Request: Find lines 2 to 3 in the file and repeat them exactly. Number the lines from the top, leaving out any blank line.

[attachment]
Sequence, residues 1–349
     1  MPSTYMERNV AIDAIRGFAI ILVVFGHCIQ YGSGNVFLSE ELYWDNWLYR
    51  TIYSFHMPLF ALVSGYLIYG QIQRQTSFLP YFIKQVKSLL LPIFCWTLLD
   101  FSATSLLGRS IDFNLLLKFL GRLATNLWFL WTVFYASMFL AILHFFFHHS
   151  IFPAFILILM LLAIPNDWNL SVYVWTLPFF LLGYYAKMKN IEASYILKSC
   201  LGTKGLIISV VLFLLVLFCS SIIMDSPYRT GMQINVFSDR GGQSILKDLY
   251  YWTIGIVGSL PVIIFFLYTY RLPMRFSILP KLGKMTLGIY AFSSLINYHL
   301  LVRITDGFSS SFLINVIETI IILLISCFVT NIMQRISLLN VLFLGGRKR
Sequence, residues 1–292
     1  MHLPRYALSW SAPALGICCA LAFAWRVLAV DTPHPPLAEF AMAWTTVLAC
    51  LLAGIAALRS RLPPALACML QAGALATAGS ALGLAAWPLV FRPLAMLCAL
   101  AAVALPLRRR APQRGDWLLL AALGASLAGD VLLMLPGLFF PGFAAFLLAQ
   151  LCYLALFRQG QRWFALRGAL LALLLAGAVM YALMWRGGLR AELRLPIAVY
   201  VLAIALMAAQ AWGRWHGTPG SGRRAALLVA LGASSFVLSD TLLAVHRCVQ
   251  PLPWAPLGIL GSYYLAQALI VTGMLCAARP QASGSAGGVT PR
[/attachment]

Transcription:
     1  MPSTYMERNV AIDAIRGFAI ILVVFGHCIQ YGSGNVFLSE ELYWDNWLYR
    51  TIYSFHMPLF ALVSGYLIYG QIQRQTSFLP YFIKQVKSLL LPIFCWTLLD